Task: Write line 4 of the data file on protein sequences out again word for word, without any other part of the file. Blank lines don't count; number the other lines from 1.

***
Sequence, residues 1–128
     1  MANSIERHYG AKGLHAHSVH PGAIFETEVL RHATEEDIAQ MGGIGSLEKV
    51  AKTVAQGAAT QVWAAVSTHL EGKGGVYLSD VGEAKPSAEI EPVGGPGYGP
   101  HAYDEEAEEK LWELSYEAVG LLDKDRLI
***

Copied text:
   101  HAYDEEAEEK LWELSYEAVG LLDKDRLI